I’ve never shot a story, though. At this stage I think I’d rather finish a novel that might never be published than leave it languishing uncompleted. Perhaps that’s the difference between the hobbyist and the professional?
I found this post very encouraging. The first (and only!) novel I’ve written turned out to be 263,000 words. At the time, this seemed very reasonable to me. When someone told me it was too long, I came up with a “short” version of 243,000 words. Now I’m hearing that a first novel shouldn’t top 100,000 words. Has anyone else heard this?
June Varnum says
Thanks, Randy, for reminding me to never,never,never give up. Discouragement has overwhelmed me. I’ve written, and had publioshed,nonfiction short, short stories and aricles.Rejections then piled up. Seems I’ve not been able to break the pattern. Now I’m writing my first novel. with quite a bit of backing up, using Randy’s snowflake method.
I’ve seriously thought about not writing anymore-well, at least for publication. Somehow, I can’t not write. It’s something I have to do.
I’ve had a problem managing time; seems many of us share that. I’m one of the older writers, live in a small house on half an acre of ground I’m trying to manage. along with upkeep on everything else. I live in a rural area-my choice to move there. There’s a story in that, too, maybe?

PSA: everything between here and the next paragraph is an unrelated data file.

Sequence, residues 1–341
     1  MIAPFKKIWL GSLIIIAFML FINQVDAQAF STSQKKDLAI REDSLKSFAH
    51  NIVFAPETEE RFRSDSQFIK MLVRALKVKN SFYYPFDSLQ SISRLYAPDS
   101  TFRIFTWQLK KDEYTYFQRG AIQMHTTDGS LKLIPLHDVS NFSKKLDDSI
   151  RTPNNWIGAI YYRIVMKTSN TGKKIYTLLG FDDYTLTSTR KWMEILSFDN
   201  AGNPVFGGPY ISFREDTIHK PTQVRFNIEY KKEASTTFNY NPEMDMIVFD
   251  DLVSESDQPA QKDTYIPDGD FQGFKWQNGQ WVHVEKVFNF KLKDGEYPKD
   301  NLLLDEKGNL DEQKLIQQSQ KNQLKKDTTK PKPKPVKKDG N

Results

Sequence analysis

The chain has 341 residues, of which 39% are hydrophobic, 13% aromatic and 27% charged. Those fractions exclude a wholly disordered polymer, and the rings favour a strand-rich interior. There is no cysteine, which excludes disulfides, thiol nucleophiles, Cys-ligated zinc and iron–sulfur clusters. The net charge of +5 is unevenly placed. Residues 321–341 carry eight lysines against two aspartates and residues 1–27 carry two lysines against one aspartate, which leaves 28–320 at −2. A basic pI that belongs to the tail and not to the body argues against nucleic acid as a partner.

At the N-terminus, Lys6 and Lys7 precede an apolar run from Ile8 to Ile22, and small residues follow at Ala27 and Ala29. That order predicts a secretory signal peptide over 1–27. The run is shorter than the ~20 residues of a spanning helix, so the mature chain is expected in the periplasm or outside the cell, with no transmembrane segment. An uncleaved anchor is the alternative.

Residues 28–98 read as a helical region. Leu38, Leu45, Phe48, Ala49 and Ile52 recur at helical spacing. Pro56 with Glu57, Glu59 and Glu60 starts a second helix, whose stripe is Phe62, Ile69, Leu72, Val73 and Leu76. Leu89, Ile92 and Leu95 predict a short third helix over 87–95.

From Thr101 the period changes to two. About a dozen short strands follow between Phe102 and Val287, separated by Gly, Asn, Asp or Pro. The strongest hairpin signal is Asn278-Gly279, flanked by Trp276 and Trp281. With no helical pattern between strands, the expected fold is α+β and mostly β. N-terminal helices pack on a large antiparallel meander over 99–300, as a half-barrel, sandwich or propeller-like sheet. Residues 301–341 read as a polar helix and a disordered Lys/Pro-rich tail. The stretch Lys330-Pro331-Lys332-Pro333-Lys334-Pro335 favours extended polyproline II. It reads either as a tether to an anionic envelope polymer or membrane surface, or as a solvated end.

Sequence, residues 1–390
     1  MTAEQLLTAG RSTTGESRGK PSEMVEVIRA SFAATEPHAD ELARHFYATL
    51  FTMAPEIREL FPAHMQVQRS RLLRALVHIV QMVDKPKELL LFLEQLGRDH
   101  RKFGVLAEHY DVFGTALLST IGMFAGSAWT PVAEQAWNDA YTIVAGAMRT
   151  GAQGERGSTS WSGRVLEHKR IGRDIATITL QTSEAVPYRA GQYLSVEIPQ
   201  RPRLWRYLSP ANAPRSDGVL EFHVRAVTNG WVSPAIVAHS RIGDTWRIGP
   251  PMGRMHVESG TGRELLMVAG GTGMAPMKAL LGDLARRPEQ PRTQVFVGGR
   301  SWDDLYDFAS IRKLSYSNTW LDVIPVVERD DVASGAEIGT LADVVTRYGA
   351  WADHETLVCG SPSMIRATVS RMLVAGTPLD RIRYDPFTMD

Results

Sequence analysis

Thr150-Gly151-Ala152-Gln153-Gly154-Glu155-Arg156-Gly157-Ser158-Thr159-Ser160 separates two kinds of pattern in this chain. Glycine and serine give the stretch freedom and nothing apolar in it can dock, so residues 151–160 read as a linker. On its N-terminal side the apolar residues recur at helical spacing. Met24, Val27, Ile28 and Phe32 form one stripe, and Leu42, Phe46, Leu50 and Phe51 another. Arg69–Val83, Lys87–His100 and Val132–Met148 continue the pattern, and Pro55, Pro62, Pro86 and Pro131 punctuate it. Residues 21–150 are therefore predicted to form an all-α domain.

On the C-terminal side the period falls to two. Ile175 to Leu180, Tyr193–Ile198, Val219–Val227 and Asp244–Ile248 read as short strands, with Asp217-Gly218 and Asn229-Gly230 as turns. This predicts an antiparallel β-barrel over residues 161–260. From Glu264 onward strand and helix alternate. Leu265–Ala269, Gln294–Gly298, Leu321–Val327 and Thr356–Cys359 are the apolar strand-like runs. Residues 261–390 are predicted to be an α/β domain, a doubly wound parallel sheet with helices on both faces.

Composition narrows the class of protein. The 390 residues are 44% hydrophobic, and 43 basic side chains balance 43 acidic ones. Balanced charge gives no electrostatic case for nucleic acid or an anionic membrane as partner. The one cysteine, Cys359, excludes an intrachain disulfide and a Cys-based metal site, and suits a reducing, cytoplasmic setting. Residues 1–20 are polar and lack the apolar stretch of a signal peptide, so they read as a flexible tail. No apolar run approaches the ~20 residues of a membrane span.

I gain perspective as I read all your comments.
ML Eqatin says
For interesting info on publishers, people, go to the BEA (Book Expo America) site. They have most of the transcripts of the forums and seminars in downloadable form.
Wow, these people are even less focused that I thought. Publishing must be the most hide-bound industry on the planet! But they appear to be grappling with the technology revolution. I do hope they pull it together before they all go under.
They are only just starting to notice that it is the customer who brings the money into their business, and not the opinions of other publishers.
I’m trying to work out how many chapters should be in a book and how many words to the chapter. I suppose it is too soon in a first draft to consider this.
Speaking of books that get published…
My brother-in-law suggested I read “The Secret.” (I was whining about something that day.) I said that it sounded like that old black and white movie with Rock Hudson, as a surgeon.
Before I had the chance to pick it up at Costco, I read the Skeptic’s column in Scientific American magazine, which pretty well debunked the entire concept of the Law of Attraction, as proposed in the book. (quantum physics claims)
That book went on to mega-sales, on woo-woo power? without having valid research to back it up. So Oprah, would make, well, a great “platform.” Indubitably. I’m kidding. Or not.